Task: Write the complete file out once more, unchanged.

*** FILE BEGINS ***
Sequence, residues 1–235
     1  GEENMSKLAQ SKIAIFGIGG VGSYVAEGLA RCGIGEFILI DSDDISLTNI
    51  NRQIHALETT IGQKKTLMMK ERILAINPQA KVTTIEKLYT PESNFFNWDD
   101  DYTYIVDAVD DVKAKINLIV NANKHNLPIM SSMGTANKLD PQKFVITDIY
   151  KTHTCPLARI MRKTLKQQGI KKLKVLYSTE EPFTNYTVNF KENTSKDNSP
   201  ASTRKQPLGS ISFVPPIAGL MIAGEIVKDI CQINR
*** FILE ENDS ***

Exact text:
Sequence, residues 1–235
     1  GEENMSKLAQ SKIAIFGIGG VGSYVAEGLA RCGIGEFILI DSDDISLTNI
    51  NRQIHALETT IGQKKTLMMK ERILAINPQA KVTTIEKLYT PESNFFNWDD
   101  DYTYIVDAVD DVKAKINLIV NANKHNLPIM SSMGTANKLD PQKFVITDIY
   151  KTHTCPLARI MRKTLKQQGI KKLKVLYSTE EPFTNYTVNF KENTSKDNSP
   201  ASTRKQPLGS ISFVPPIAGL MIAGEIVKDI CQINR